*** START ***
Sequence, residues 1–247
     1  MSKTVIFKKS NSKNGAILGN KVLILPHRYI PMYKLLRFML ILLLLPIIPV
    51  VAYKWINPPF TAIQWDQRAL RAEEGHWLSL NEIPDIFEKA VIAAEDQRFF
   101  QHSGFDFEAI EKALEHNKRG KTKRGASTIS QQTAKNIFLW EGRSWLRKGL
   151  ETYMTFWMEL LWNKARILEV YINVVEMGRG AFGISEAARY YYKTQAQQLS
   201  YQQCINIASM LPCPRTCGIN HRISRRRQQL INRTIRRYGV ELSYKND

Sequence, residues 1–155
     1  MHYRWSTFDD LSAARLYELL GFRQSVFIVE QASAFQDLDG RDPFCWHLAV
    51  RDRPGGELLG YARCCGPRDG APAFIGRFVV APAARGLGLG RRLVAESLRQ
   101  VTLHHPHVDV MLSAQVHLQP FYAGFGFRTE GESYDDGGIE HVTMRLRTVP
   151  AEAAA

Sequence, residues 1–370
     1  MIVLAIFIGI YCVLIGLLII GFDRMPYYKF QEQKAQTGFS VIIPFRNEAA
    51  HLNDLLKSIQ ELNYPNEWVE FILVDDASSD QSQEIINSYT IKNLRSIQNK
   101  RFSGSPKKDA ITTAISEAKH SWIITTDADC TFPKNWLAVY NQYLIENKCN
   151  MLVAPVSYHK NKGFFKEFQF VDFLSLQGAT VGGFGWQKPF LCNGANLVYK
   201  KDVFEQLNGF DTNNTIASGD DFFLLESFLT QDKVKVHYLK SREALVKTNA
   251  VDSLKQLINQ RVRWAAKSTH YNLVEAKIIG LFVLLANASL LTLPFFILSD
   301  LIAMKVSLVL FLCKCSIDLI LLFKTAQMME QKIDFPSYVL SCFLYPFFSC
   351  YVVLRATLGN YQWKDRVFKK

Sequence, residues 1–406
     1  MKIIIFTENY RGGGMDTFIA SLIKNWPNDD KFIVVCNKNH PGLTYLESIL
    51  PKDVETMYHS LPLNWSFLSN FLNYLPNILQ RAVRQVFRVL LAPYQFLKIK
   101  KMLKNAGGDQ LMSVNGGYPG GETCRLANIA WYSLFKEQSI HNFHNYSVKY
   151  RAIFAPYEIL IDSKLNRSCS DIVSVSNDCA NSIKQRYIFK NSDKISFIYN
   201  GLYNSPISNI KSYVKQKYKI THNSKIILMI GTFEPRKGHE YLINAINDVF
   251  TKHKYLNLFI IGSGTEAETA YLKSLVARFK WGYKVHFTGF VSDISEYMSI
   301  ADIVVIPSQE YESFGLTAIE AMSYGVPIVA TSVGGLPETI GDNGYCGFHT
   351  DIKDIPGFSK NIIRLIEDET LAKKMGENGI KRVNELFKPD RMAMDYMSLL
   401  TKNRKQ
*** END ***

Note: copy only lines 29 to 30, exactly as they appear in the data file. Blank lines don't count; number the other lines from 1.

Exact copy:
   351  DIKDIPGFSK NIIRLIEDET LAKKMGENGI KRVNELFKPD RMAMDYMSLL
   401  TKNRKQ